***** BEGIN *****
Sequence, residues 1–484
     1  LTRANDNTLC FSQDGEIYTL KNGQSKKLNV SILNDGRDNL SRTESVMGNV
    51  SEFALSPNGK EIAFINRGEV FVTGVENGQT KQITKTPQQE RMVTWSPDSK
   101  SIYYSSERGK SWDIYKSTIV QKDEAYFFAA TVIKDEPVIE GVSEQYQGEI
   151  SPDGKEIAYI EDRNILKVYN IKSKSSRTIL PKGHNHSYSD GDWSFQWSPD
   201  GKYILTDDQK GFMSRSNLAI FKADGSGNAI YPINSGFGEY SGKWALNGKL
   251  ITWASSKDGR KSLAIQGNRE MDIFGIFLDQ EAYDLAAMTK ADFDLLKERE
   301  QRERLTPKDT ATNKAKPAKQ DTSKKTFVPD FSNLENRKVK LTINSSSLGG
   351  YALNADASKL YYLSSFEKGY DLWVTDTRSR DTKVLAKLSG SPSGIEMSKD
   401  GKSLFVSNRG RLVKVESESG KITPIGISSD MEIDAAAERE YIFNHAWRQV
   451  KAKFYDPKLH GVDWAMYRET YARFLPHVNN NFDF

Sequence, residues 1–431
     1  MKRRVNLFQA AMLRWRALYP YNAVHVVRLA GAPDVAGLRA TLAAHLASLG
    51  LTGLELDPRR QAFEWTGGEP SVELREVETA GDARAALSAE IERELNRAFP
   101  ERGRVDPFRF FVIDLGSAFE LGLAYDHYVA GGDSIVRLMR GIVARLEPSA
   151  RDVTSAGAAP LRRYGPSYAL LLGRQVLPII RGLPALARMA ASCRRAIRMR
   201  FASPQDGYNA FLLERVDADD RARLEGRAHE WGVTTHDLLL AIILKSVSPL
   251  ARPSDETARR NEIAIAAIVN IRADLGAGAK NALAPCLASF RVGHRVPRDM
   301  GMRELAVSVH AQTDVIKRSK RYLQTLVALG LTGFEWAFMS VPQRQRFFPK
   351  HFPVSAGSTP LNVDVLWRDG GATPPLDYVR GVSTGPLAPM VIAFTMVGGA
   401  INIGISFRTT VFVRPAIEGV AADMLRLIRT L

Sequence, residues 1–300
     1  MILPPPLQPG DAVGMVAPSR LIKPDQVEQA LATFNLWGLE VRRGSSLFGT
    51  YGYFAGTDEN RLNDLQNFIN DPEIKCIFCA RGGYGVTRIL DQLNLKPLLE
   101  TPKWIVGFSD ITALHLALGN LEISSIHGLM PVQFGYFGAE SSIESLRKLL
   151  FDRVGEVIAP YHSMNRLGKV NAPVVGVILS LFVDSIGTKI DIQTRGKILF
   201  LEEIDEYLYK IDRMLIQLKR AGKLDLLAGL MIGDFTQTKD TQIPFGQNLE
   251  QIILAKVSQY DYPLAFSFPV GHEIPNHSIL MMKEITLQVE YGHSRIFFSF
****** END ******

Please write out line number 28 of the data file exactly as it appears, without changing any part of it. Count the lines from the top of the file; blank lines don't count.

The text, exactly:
   251  QIILAKVSQY DYPLAFSFPV GHEIPNHSIL MMKEITLQVE YGHSRIFFSF